The Government is to scrap controversial private probation contracts two years early at a cost of £170 million after acknowledging failures in reforms carried out by former justice secretary Chris Grayling.
The agreements with 21 Community Rehabilitation Companies (CRCs) set up in 2014 to manage low-risk offenders will end in 2020 instead of 2022 and be replaced with new ones under reforms planned by new Justice Secretary David Gauke.
He said that while the £3.7 billion Transforming Rehabilitation (TR) part-privatisation programme for England and Wales had been “ambitious and innovative”, several CRCs had made “very substantial losses”.
This was caused by factors including underbidding for the contracts and an increase in the proportion of serious offences which they were ineligible to work on, cutting their income under the “payment-by-results” system.
The £170 million includes some £110 million the CRCs owe the Ministry of Justice in fines for failing to meet performance targets, but which they will be allowed instead to reinvest in services to keep them going for the last two years of their contracts, Mr Gauke said.
The MoJ will also pay £22 million in both years for “through the gate” services helping offenders immediately after they are released from prison.
Mr Gauke, who took over as Justice Secretary in January, said the amount of work available for the CRCs “has been lower than anticipated and that has had an impact in terms of their income and the services they are able to provide”.
That had actually saved the taxpayer some £300 million because the MoJ had budgeted to pay firms £2.5 billion by 2020 and had only paid out £2.2 billion.
Mr Gauke insisted there was a role for the private sector in probation and said that re-offending rates had fallen since Mr Grayling’s “laudable” changes had been made.
He added: “It was an ambitious and innovative reform in terms of transforming rehabilitation.
“With the experience of the last three years or so it seems to me there are some clear lessons that need to be learned in improving the system.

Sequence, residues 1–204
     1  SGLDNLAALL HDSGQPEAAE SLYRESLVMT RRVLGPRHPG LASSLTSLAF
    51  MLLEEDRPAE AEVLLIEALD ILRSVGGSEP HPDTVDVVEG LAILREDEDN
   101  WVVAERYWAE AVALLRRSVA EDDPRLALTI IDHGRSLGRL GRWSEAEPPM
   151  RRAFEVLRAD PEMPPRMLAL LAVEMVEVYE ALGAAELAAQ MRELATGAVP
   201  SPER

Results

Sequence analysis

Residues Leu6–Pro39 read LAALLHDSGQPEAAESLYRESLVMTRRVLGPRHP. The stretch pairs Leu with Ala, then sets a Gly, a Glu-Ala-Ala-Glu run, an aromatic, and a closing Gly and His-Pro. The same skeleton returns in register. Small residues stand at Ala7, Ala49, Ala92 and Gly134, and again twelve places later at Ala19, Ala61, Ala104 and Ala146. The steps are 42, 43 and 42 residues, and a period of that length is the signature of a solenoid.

“But I don’t favour excluding the private sector from this at all.”
The reforms introduced in 2014 saw the National Probation Service (NPS) created to deal with high-risk offenders while remaining work was assigned to the CRCs.
They replaced the former probation trusts and gave private firms a greater role.
But a consultation document called Strengthening Probation, Building Confidence, released on Friday – three days after Parliament rose for the summer recess – says that the proportion of “violence against the person” offences as a percentage of recorded crime rose from 16% in 2010 to 28% in 2017, and sexual offences went up from 1% to 3% over the same period.
CRCs are not allocated offenders in these categories, so have seen less work come their way than had been expected when the original contracts were signed.
He said: “The issue here is the CRCs are getting less than we had expected they would get. They are providing services at a loss to us at the moment.
“There is a subsidy which is coming from the shareholders of these CRCs to us. They underbid and so on, so they have to accept that.
“But in my position I need to make sure that we are providing the services that we need to deliver the rehabilitation that we need.”
The reforms planned by the MoJ would see the current 21 CRCs whittled down to 11 that are closely aligned with NPS regions. Ten will remain private, with the one in Wales merged with the NPS.
The new contracts will make better use of offending data and will alter the balance between “payment by result versus payment for services delivered”, away from the former towards the latter, Mr Gauke said, ruling out allowing CRCs to take on high-risk cases.
In a highly critical assessment, the Justice Committee said it was “unconvinced” probation reforms could ever deliver an effective or viable service, with major questions over post-custody support, the performance of probation providers, contracts with CRCs, poor staff morale and the involvement of the voluntary sector.
In some cases convicts were only met once before being placed on “remote supervision” by private probation providers, which in some cases meant speaking on the phone to an officer every six weeks or so with no further face-to-face meetings.
Dame Glenys said she welcomed the consultation and would respond formally.
She added: “However, we can see already that there is much to welcome in these proposals, and we are pleased to see that our inspection evidence and findings and our wider advice have had significant influence and impact.”